Help
Subscribe


GastroHep.com - the global online resource for all aspects of gastroenterology, hepatology and endoscopy

 18 November 2017

Advanced search
GastroHep.com - the global online resource for all aspects of gastroenterology, hepatology and endoscopy Profile of Roy Pounder

Home

News  
Journals
Review Articles
Slide Atlas
Video Clips
Online Books
Advanced Digestive Endoscopy
Classical Cases
Conference Diary
PubMed
International GH Links
USA GH Links
National GH Links
National GI Societies
Other Useful Links




Emails on Gastroenterology and Hepatology
the National AIDS Treatment Advocacy Project
Visit the gastroenterology section of the EUMS

News

High rate of ileo-colonic lymphoid nodular hyperplasia in autism

Ileo-colonic lymphoid nodular hyperplasia is a characteristic pathological finding in children with ASD and gastrointestinal symptoms, reports the most recent issue of the European Journal of Gastroenterology & Hepatology.

News image

fiogf49gjkf04

Intestinal mucosal pathology is characterized by ileo-colonic lymphoid nodular hyperplasia, mild acute and chronic inflammation of the colorectum, small bowel and stomach.

It has been reported in children with autistic spectrum disorder.

Dr Andrew Wakefield and colleagues assessed ileo-colonic lymphoid nodular hyperplasia in autistic spectrum disorder and control children.

The research team tested the hypothesis that there is an association between ileo-colonic lymphoid nodular hyperplasia and autistic spectrum disorder in children.

The team included 148 consecutive children with autistic spectrum disorder, of which 127 were male with gastrointestinal symptoms with a median age of 6 years.

Gastrointestinal symptoms were investigated by ileo-colonoscopy.

The researchers scored and compared macroscopic and histological features of different groups.

Ileal lymphoid nodular hyperplasia occurred in 90% with autistic spectrum disorder vs 30% in controls
European Journal of Gastroenterology & Hepatology

Group 1 included 30 developmentally normal controls, of which 25 were males with median age of 7 years with no inflammatory bowel disease or celiac disease.

The team reported that Group 2 included 16 cases showing mild non-specific colitis, of which 13 were male.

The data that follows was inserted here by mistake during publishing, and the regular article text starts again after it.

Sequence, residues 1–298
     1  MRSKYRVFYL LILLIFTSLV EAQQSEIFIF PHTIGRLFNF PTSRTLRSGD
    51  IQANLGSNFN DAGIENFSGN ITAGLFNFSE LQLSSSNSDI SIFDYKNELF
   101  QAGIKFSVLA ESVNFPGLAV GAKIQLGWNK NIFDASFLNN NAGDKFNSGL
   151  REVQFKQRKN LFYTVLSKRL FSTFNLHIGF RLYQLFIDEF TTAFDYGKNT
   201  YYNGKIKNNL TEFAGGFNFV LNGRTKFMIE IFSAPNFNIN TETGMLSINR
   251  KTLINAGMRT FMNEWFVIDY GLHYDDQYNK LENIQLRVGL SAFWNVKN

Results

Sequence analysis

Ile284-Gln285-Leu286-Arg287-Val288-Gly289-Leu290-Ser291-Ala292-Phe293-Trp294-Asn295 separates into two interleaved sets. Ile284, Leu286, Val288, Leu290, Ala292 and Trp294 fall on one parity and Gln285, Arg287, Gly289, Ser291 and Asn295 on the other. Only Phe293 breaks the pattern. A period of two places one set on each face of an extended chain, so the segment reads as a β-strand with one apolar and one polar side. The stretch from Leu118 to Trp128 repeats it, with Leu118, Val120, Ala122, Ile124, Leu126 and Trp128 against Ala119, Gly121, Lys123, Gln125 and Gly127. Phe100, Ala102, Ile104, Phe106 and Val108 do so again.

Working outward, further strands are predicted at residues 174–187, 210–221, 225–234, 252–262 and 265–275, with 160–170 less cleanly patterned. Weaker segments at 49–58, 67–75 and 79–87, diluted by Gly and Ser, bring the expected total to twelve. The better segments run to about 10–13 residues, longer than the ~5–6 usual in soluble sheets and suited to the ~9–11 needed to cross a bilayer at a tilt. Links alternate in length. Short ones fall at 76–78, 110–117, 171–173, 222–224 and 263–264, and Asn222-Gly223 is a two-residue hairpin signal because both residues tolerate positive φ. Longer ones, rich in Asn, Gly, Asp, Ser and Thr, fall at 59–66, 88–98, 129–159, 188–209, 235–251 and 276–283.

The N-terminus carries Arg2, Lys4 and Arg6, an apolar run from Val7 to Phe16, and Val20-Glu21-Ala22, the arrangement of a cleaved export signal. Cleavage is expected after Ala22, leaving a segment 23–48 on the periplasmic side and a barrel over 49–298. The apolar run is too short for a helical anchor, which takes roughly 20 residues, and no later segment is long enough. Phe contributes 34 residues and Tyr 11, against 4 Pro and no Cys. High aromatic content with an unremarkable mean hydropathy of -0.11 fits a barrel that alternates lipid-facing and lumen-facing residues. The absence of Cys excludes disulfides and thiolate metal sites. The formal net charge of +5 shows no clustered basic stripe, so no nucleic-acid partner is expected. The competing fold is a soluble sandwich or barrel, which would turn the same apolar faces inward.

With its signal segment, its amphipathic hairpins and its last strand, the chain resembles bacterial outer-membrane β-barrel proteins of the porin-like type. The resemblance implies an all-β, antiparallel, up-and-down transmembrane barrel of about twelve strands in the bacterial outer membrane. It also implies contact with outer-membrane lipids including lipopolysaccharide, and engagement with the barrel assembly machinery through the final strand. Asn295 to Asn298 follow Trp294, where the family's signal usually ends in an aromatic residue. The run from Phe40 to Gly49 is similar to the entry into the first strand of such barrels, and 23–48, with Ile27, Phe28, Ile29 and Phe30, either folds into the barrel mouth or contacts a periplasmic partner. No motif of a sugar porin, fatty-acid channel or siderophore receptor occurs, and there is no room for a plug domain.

Group 3 included 14 cases with normal colonic histology, of which 12 were male.

The researchers reported that from these groups, 74 children with autistic spectrum disorder and 23 controls underwent upper gastrointestinal endoscopy.

The influence on ileal lymphoid nodular hyperplasia of dietary restriction, and age at colonoscopy was examined.

In addition, the team examined co-existent lymphoid nodular hyperplasia elsewhere in the intestine.

The researchers found that the prevalence of lymphoid nodular hyperplasia in the ileum was 90% with autistic spectrum disorder compared with 30% controls.

Lymphoid nodular hyperplasia in the colon occurred more often in the group with autistic spectrum disorder, at 59% versus controls at 23%.

The researchers found that these results persisted whether or not controls had co-existent colonic inflammation.

The severity of ileal lymphoid nodular hyperplasia was significantly greater in children with autistic spectrum disorder compared with controls.

The research team observed that moderate to severe ileal lymphoid nodular hyperplasia was present in 68% of children with autism versus 15% in controls .

The team noted that severe ileal lymphoid nodular hyperplasia was associated with co-existent colonic lymphoid nodular hyperplasia in children with autism.

However, the presence and severity of ileal lymphoid nodular hyperplasia was not influenced by either diet or age at colonoscopy.

The team noted that isolated ileal lymphoid nodular hyperplasia without evidence of pathology elsewhere in the intestine occurred in less than 3% of children.

On histopathological examination, hyperplastic lymphoid follicles were found to be more prevalent in the ileum of children with autistic spectrum disorder versus controls.

Dr Wakefield's team concluded, “Ileo-colonic lymphoid nodular hyperplasia is a characteristic pathological finding in children with autistic spectrum disorder and gastrointestinal symptoms.”

“It is associated with mucosal inflammation, and differences in age at colonoscopy and diet do not account for these changes.”